Elapsed Running Time [Jaw is still open. Mouth has dried out.]
Elapsed Running Time [Eye movement has ceased]
Elapsed Running Time [Pupils have become fixed]
Elapsed Running Time 34:52 [Breathing has become shallow and irregular]
Completion Plus [Wife walks in, gasps, pushes my mouth shut, slaps me back to my senses]
Such was the first experience listening to SIGH's “Hangman's Hymn.”
SIGH have created an album that plays like a symphony, divided into three chaotic movements. Not only are orchestral elements (created using synths) skillfully integrated into the music, but devices typically utilized by composers of the Classical and Romantic eras are utilized here to startling effect. An infectious motif is introduced in the opening track, “Introitus / Kyrie,” and is then used liberally throughout the other tracks on the album, before its eventual employment as the primary melody on closer “Finale: Hangman's Hymn / In Paradisium / Das Ende.” This technique serves to unify all of the songs into a cohesive unit such that, while there are indeed many standout tracks, the album becomes much more than the sum of its individual parts. Similar effect is achieved though the use of maniacal laughter to open or close several of the tracks as well.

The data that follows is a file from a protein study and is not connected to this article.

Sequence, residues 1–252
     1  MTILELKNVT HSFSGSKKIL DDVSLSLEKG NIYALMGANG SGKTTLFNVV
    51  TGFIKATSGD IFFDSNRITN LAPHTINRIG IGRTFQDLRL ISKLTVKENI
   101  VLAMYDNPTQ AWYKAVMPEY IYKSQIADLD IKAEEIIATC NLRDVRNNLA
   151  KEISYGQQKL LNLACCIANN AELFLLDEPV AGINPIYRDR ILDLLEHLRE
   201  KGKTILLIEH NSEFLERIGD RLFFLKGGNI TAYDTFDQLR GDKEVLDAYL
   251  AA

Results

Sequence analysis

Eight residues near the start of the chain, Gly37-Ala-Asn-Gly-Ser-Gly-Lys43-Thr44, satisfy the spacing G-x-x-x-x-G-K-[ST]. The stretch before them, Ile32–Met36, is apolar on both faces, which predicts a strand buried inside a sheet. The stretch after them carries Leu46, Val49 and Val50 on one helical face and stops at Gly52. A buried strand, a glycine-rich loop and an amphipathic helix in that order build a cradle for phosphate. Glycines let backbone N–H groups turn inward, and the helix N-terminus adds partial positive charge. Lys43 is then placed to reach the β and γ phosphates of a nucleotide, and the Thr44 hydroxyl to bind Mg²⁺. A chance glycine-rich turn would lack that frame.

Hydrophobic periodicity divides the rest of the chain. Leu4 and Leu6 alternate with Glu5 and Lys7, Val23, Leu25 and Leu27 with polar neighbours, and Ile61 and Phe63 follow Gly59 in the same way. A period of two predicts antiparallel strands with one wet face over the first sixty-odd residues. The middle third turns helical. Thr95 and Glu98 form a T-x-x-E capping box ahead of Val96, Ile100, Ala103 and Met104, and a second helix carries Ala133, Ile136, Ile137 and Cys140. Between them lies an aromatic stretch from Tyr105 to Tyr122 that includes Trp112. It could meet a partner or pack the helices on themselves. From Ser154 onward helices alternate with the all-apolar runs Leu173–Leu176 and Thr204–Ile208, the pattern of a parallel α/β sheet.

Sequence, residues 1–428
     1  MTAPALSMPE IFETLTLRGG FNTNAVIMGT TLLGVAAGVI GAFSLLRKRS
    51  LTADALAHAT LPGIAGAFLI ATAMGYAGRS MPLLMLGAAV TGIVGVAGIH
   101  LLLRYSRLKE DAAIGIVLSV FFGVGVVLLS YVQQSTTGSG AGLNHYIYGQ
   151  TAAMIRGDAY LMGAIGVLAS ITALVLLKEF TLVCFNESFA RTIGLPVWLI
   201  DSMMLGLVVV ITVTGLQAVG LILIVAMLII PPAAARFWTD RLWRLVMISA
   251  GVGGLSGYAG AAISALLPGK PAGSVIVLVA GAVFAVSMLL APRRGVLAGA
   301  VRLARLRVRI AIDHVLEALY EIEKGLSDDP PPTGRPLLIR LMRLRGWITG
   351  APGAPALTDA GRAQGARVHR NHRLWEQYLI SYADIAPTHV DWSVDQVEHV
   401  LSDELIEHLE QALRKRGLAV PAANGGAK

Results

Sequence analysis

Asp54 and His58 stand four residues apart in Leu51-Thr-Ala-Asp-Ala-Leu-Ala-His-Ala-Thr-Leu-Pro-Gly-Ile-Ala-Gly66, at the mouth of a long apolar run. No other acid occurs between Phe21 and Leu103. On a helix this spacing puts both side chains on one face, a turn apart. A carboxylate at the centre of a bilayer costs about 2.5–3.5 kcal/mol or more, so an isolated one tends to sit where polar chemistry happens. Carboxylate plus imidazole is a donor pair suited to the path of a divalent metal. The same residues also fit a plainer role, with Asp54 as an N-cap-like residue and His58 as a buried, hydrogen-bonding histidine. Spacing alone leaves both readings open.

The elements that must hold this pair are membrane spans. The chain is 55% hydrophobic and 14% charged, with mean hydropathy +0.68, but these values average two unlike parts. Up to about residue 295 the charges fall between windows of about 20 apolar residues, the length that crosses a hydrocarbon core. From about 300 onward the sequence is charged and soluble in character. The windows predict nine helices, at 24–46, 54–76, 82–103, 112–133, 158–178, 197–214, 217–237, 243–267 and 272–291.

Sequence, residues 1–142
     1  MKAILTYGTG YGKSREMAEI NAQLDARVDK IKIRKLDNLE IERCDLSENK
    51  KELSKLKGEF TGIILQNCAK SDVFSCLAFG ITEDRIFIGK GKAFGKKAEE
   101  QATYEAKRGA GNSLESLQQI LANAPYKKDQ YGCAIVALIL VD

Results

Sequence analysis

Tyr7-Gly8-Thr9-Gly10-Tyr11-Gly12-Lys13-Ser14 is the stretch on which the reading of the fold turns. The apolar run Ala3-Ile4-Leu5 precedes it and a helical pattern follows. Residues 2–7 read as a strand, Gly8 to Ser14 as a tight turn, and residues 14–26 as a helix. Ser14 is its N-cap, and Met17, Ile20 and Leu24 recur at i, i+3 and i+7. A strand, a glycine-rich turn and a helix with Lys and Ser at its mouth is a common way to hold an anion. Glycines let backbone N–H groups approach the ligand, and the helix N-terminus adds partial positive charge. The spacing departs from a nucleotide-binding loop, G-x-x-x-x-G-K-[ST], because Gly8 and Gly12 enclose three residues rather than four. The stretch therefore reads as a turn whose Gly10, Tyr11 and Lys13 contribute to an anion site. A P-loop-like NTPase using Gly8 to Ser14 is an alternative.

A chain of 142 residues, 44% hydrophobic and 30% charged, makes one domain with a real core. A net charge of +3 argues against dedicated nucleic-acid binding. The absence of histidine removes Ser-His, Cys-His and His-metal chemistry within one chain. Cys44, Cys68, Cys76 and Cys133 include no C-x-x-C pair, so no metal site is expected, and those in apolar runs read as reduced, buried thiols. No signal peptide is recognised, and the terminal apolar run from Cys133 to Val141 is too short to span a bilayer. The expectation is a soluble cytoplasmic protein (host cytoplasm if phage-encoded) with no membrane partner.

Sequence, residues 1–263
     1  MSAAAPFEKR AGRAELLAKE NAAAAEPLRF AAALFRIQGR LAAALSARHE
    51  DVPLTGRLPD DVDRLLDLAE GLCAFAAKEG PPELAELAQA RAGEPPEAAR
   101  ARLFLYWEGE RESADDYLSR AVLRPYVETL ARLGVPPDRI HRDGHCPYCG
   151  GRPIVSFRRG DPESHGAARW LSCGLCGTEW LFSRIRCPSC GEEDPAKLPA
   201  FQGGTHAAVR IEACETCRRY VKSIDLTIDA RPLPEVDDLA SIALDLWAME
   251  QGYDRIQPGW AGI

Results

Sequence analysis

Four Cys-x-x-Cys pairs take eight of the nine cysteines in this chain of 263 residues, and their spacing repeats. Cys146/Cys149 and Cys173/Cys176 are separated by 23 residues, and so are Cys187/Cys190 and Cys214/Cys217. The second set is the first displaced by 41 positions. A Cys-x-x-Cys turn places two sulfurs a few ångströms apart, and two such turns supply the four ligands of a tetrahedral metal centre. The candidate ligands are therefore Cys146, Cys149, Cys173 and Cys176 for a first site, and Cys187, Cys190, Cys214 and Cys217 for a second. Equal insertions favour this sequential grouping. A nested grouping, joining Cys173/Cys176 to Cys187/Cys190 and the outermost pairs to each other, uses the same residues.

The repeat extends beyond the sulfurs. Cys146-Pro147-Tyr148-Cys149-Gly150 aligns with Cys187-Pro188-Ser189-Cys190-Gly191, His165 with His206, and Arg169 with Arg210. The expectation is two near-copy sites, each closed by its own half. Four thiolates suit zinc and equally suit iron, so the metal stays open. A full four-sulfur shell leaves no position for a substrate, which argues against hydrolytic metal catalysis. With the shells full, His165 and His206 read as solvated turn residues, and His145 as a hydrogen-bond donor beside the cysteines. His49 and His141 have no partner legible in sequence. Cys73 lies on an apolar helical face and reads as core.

Thematically, this album is a first person account of a protagonist who has made a Faustian bargain. Frontman and composer Mirai Kawashima has done his homework, and has used it to create something that is so thoroughly European that it is difficult to believe that this was created by musicians from an East Asian background. Classical keys and time signatures, Latin chant, and Gothic imagery combine to infuse the listener's mind with medieval imagery.
Metal fans familiar with SIGH have learned to expect the unexpected, and “Hangman's Hymn” is another sharp turn in the band's evolution. The band have set aside the jazzy psychedelic sound of the two releases immediately prior to this one, and have veered into classical territory. It is this ability to always surprise that make this band so interesting.
Perfect scores should be awarded only very rarely, and the standard for a perfect score should be a near-impossible one to achieve. With “Hangman's Hymn,” SIGH have achieved that standard. Listeners who enjoy having their notions of genre convention challenged have no excuse not to own this.